Is regulation plausible in a completely decentralized environment?
Blockchain analytics company Coinfirm recently unveiled a new anti-money laundering tool for the decentralized finance, or DeFi, niche of the crypto space — a sector facing regulatory crackdown on the horizon, according to Jakub Fijolek, Coinfirm’s chief technology officer.
“DeFi might soon have some regulatory issues,” Fijolek told Cointelegraph in an interview. “The amount of funds that are flowing through DeFi is growing significantly.”
The DeFi niche of crypto has ballooned in 2020. In February, the total value locked in the sector reached $1 billion. Amid significant growth and interest, the niche went as high as $10 billion at one point in 2020.
During DeFi’s big year, centralized exchanges have seen a few troubles, however. KuCoin faced a massive hack in September, resulting in multiple projects freezing movement on involved assets. Derivatives exchange BitMEX also suffered sizable regulatory action from the CFTC and DoJ, two U.S. governing authorities, in October, with one of its brass taken into custody.
The KuCoin thief (or thieves) could have more proficiently used DeFi to filter the assets, making tracking more difficult, although the entity responsible reportedly did not posses significant DeFi know-how. Still, DeFi arguably remains a potential outlet to facilitate illegal activity.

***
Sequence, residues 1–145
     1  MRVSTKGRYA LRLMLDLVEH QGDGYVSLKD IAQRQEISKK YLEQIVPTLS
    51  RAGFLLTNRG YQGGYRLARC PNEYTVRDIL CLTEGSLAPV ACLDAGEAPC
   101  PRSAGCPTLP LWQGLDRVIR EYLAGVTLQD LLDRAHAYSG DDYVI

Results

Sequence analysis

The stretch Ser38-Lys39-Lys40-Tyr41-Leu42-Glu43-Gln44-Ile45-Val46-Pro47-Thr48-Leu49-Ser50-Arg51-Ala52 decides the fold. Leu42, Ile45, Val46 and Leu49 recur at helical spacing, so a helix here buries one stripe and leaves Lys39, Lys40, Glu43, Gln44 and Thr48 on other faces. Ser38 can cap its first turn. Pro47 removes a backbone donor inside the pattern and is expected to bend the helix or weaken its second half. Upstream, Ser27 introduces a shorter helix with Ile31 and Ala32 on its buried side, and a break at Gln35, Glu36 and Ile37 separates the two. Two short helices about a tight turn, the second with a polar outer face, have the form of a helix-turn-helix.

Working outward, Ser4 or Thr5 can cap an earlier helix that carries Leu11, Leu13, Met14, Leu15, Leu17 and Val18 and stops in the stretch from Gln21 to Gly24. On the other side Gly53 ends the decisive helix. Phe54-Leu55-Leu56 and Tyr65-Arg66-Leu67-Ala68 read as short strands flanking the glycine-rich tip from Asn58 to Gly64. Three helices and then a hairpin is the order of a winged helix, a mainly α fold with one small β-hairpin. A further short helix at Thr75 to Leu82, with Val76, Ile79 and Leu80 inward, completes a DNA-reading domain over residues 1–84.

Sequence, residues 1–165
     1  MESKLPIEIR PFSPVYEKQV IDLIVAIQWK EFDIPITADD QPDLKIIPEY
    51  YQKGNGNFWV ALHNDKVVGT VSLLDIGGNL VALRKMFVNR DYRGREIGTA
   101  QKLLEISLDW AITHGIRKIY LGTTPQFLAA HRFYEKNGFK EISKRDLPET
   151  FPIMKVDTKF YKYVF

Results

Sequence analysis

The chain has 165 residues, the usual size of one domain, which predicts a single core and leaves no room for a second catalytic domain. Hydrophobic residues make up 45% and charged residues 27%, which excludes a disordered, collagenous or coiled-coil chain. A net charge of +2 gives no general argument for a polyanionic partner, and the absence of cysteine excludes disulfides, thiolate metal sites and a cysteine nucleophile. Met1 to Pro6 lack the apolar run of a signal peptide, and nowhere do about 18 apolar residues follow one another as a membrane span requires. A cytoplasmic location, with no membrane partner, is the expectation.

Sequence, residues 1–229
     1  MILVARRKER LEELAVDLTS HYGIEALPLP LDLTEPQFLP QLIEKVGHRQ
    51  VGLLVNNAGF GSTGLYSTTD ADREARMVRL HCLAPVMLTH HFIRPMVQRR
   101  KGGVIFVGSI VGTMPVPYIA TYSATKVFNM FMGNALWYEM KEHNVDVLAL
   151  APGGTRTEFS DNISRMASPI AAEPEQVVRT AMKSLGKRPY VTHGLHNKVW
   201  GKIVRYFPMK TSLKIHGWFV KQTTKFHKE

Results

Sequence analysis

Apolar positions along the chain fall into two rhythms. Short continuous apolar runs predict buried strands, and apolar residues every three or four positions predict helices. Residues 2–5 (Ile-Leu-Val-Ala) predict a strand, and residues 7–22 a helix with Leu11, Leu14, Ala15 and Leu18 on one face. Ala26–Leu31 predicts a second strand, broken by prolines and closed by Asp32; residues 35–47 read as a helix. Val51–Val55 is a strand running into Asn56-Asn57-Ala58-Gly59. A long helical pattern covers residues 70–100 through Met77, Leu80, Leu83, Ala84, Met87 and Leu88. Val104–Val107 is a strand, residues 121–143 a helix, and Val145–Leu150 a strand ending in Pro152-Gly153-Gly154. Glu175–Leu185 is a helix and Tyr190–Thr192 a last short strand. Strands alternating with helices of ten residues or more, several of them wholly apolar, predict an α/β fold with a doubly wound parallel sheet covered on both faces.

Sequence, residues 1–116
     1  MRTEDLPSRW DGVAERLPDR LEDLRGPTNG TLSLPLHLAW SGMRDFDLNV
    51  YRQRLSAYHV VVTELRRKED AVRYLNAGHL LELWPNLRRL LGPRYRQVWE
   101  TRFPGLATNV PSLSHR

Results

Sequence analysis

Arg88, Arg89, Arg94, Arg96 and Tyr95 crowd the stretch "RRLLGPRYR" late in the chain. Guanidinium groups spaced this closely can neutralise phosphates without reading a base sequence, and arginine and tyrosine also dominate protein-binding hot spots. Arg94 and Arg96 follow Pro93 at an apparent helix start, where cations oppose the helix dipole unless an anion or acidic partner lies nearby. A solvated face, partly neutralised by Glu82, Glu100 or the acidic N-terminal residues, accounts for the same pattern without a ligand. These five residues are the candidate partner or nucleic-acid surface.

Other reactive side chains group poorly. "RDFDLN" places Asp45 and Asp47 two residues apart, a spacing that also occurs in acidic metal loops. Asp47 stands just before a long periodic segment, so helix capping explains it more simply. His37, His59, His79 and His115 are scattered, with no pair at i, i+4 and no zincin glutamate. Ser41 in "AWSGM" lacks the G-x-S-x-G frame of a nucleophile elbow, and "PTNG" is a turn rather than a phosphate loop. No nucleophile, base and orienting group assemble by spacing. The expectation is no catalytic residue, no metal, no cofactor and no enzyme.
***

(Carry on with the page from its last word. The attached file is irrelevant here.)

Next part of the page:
Stolen KuCoin funds making their way into DeFi is raising red flags for regulating authorities, according to Fijolek. To combat the situation, Coinfirm has built its AMLT Oracle — an anti-money laundering, or AML, tool for DeFi under its AMLT wing.
The oracle essentially can run addresses through a filter, and check whether they have been previously been associated with anything suspicious. Projects and exchanges can then freeze funds or transfers from said addresses accordingly. Fijolek explained:
“Generally, the first tool we created is the oracle, we call this [the] report oracle because it allows the generation of the same compliance report that normally centralized exchanges use, on a purely on-chain manner. So you’ll send the ask transaction, as we call it, to the oracle with the report you want to get information about, and after a few blocks, you can query with the get transaction status of that address and this provides you a C Score and the report ID.”
With new tech comes equal technological advancements for regulating said new sectors. Coinfirm’s new branch of tools furthers the potential for AML on paper, although the resulting enforcement in practice could prove more difficult. After all, it would be up to individual projects to freeze transactions; an idea that remains controversial in an industry centered around the decentralized principles of Bitcoin — an arguably unstoppable global asset.